More Boston Whaler Modifications

Modifying and Upgrading My Boston Whaler

    Wood rails around the perimiter of the steering consoleI added little wood rails around the top of the mahogany console. It works to keep drinks, handheld GPS, and other small items from sliding off the console.

    PVC hose protects the rubrail

    I wrap this 2" plastic food grade suction hose around the rub rail on my Boston Whaler. It's the clear hose with a white PVC spiral inside it.

    Keel protection

    This keel protector gives me peace of mind whenever I need to beach the boat

    Perko Bronze Fuel Filter Perko Bronze Fuel Filter
    A good water separating fuel filter is essential.

    Forward bench seat with grab handle, console with rails, fishing rod holders, water ski mirror

    In this photo you can see the mahogany forward thwart bench seat with grab handles, the cut-off bow rail, the little wood rails on the console, the fishing rod holders, and the water skiing mirror. And the cup holders, of course.

    After I converted the 15' Boston Whaler from a Super Sport back to a Sport, I decided the boat was a keeper, and I would modify it some more to suit the way we like to use the boat. My wife and I frequently use the boat by ourselves, and there is no need for the forward bench seat, so it usually stays home.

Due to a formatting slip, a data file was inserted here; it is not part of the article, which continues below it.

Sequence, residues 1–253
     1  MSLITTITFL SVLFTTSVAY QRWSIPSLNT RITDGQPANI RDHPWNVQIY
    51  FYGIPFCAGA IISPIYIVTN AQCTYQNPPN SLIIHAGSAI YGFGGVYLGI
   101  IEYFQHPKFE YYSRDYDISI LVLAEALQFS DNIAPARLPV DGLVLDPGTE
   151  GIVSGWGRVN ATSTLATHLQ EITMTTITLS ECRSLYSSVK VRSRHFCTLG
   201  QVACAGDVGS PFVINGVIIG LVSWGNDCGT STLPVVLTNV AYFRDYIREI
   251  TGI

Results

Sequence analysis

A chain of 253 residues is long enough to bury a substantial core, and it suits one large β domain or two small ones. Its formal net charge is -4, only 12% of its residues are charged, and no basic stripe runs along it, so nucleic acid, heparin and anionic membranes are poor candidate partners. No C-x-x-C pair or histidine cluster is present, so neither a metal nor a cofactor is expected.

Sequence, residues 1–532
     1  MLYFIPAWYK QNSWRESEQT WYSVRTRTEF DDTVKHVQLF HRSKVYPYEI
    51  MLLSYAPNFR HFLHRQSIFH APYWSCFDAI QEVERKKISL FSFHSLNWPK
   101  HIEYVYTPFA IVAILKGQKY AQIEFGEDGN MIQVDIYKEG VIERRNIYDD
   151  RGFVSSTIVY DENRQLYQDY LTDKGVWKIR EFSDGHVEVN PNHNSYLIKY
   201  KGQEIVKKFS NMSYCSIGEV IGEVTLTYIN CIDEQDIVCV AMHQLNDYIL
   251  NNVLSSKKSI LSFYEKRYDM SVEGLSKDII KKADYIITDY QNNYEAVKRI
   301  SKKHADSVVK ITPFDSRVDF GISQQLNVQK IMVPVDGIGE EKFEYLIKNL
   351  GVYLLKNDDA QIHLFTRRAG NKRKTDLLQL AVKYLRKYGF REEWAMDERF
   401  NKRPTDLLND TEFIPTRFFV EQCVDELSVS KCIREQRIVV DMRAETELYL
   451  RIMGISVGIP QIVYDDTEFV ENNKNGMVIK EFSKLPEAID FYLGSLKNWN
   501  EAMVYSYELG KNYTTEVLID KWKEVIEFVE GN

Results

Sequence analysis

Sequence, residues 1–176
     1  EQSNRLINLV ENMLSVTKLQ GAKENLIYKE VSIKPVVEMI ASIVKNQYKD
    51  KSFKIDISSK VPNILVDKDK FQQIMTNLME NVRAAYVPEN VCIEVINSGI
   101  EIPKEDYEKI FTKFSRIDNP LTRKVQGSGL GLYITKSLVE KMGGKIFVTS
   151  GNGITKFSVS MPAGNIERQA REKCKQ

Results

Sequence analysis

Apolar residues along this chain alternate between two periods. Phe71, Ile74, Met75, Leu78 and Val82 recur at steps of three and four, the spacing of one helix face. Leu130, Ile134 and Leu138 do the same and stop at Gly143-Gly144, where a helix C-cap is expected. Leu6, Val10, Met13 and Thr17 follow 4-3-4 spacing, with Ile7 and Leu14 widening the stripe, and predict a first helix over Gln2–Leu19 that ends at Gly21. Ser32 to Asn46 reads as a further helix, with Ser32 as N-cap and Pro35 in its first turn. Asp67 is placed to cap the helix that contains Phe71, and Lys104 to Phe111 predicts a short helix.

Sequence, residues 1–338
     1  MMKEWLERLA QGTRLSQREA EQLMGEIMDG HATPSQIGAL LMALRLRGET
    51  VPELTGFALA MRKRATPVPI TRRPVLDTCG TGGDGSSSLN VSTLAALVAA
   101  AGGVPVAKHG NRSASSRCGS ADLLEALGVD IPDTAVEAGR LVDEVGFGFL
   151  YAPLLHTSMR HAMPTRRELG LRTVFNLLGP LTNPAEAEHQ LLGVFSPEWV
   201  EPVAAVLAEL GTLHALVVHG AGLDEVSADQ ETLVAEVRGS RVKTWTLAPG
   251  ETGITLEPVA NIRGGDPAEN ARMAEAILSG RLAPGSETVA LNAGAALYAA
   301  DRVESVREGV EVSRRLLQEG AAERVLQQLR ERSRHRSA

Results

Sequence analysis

We use the boat for water skiing, so we have a ski mirror mounted on the side of the console, along with 3 Bar Buoy swiveling drink holders mounted on the console and the port side mahogany rail.

    We also use the boat for fishing, so I mounted two stainless steel rodholders on the stainless steel side rails.

    The boat has a canvas Bimini top with aluminum frame which folds aft. I have actually sailed a 15' Boston Whaler by hanging the Bimini top forward.

    Mahogany Rails on the Console Are Quite Useful

    When I removed all the wood for refinishing, I found rot around almost every screw. The nice finish washers that Whaler uses on each screw hold water, resulting in rot over time. I had to drill them out and glue in bungs cut from mahogany dowels of various sizes. I also removed the small compass from the console and filled those holes while I was at it.

    Once that was done, I put little mahogany rails, called fiddles, around the perimeter of the console, leaving each corner open for drainage. This keeps small items such as my handheld GPS from sliding off.

    The front of the console still has the nice angled backrest for the forward bench seat, rather than the low, square console found on the Sport. I put grab handles into the center of the mahogany thwart bench seat, so passengers can hang on with both hands, not that my driving makes that necessary or anything...

    Rubrail Protection

    The rubrail on Boston Whalers will eventually get worn out and must be replaced, but I learned a way to protect the rubrail and the boat from a guy in Miami Beach Marina. He had slit a piece of 2" plastic food grade suction hose and simply wrapped it around the rub rail on his Boston Whaler.